Trans Resistance Day in Boston

Hundreds marched through the heart of Roxbury in Boston June 26 for Trans Resistance Day, chanting “We’re taking back Pride” and “Trans liberation, not gentrification!” 

Trans Resistance Day, Boston, June 26

This was the third annual Trans Resistance Day in Boston, which replaced the corporate Pride parade in order to “advocate for the safety, joy and liberation of [trans and queer Black, Indigenous and people of color].” The march and festival center their voices, struggles and the issues they face — housing instability, attacks on reproductive health care, racist police and politicians, the war against immigrants, lack of access to gender-affirming health care, ableism, unemployment and poverty as low-wage workers. 

The lively march was intentionally routed through Roxbury, as opposed to Downtown Boston where Pride previously took place, to directly connect with Black and Brown communities. The festival that followed in Franklin Park celebrated trans joy, community and leadership by highlighting queer musicians, vogueing and dance, world-renowned drag queens such as Peppermint and local organizations committed to liberation and by creating an outdoor space that supported freedom of expression for all.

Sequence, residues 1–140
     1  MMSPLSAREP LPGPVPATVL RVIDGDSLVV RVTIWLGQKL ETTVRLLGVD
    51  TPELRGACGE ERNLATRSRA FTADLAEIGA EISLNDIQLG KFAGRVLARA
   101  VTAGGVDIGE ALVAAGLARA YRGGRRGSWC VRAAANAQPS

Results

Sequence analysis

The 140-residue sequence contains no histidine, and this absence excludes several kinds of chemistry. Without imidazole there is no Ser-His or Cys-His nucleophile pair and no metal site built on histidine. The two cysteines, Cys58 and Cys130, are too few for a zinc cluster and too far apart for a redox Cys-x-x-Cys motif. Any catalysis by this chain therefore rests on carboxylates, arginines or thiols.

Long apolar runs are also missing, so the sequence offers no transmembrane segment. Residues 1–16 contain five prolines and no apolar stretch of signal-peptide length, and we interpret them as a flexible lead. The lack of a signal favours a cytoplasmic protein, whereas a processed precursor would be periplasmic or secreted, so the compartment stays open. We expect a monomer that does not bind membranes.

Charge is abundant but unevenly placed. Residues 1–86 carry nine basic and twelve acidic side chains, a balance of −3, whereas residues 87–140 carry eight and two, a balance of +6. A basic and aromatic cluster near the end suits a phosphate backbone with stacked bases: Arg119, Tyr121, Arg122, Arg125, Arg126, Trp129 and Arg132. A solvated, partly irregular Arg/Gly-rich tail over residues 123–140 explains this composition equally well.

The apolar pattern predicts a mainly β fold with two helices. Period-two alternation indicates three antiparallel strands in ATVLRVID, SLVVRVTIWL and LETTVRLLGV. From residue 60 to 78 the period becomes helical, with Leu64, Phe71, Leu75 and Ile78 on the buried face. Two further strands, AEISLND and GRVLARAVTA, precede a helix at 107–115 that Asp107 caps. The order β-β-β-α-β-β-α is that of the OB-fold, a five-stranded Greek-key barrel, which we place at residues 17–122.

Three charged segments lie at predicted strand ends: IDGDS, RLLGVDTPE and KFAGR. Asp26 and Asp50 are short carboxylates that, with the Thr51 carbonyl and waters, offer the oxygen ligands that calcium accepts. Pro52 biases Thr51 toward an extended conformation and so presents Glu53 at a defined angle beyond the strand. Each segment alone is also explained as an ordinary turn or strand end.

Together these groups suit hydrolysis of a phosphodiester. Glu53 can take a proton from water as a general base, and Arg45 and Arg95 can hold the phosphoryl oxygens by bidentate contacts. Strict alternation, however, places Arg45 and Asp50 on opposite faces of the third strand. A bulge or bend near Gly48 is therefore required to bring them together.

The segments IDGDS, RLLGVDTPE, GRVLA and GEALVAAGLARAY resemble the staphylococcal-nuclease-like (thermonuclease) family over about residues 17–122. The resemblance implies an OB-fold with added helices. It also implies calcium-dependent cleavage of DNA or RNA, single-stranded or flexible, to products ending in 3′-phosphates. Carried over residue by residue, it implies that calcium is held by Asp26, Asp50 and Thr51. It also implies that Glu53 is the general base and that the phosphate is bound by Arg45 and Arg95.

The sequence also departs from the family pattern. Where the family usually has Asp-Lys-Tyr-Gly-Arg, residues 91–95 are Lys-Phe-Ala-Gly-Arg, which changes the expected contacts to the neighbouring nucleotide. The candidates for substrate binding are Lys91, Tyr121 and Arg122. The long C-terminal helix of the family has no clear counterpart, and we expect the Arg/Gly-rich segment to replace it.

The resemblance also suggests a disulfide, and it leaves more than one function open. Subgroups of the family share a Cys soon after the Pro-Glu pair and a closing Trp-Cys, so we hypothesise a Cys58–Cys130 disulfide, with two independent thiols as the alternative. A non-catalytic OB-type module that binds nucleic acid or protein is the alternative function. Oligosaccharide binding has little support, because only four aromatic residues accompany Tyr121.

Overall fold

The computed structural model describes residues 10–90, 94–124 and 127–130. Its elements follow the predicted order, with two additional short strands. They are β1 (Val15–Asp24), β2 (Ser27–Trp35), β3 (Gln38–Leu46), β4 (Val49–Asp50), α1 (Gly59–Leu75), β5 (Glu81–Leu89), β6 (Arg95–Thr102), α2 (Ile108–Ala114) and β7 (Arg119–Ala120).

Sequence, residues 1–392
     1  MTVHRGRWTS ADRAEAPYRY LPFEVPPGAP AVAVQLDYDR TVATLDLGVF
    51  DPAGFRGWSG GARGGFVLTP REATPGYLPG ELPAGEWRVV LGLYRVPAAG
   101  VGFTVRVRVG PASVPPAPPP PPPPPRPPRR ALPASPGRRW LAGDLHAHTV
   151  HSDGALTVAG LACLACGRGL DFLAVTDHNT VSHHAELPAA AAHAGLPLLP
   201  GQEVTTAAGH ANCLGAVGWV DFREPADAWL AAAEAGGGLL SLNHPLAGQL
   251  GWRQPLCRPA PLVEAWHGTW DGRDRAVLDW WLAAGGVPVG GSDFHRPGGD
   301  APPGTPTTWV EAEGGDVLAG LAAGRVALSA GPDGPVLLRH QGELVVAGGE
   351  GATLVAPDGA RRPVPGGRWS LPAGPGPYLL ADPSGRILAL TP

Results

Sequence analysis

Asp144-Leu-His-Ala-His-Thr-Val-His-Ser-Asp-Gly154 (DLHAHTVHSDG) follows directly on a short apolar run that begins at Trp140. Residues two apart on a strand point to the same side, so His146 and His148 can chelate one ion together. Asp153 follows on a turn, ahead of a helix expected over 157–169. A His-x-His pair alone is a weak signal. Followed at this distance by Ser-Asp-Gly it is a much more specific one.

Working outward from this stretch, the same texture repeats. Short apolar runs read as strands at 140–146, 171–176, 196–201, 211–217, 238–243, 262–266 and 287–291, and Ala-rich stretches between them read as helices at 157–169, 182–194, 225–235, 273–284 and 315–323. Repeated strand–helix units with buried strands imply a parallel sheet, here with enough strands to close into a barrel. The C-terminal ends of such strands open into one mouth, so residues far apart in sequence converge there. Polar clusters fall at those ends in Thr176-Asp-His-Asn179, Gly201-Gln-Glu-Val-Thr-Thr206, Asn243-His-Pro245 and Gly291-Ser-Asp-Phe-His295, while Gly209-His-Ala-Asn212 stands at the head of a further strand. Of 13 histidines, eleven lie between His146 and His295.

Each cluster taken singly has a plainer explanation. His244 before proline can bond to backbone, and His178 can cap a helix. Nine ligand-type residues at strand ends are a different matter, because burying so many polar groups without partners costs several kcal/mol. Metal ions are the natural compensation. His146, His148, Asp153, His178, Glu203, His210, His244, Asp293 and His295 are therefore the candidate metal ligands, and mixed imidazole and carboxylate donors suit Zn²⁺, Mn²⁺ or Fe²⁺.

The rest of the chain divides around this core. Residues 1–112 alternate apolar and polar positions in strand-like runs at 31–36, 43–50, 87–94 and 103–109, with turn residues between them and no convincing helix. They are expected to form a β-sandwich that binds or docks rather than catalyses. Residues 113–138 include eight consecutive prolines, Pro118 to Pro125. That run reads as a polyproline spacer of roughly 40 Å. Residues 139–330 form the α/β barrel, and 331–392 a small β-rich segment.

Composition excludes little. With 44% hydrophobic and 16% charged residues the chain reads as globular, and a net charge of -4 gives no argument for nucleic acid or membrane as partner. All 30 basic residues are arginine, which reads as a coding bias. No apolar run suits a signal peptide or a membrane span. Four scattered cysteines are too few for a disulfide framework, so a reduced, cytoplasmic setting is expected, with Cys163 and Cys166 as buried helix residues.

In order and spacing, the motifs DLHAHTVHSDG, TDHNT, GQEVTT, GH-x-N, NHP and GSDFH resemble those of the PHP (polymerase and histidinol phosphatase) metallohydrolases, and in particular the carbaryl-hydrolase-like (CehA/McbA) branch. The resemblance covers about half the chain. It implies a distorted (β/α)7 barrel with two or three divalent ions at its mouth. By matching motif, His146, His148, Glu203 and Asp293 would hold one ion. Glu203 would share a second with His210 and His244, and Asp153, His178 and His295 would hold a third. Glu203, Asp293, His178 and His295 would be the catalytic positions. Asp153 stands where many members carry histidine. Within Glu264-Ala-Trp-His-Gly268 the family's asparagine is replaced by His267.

The Sisters Against Fascism passed out gifts at the festival to trans, gender-nonconforming and queer Black, Indigenous and people of color and helped raise money for the Trans Joy Fund. This fund has made it possible to replace corporate Pride with politics and festivities, by and for oppressed queer people, that are accessible and free. 



WW PHOTO: Maureen Skehan

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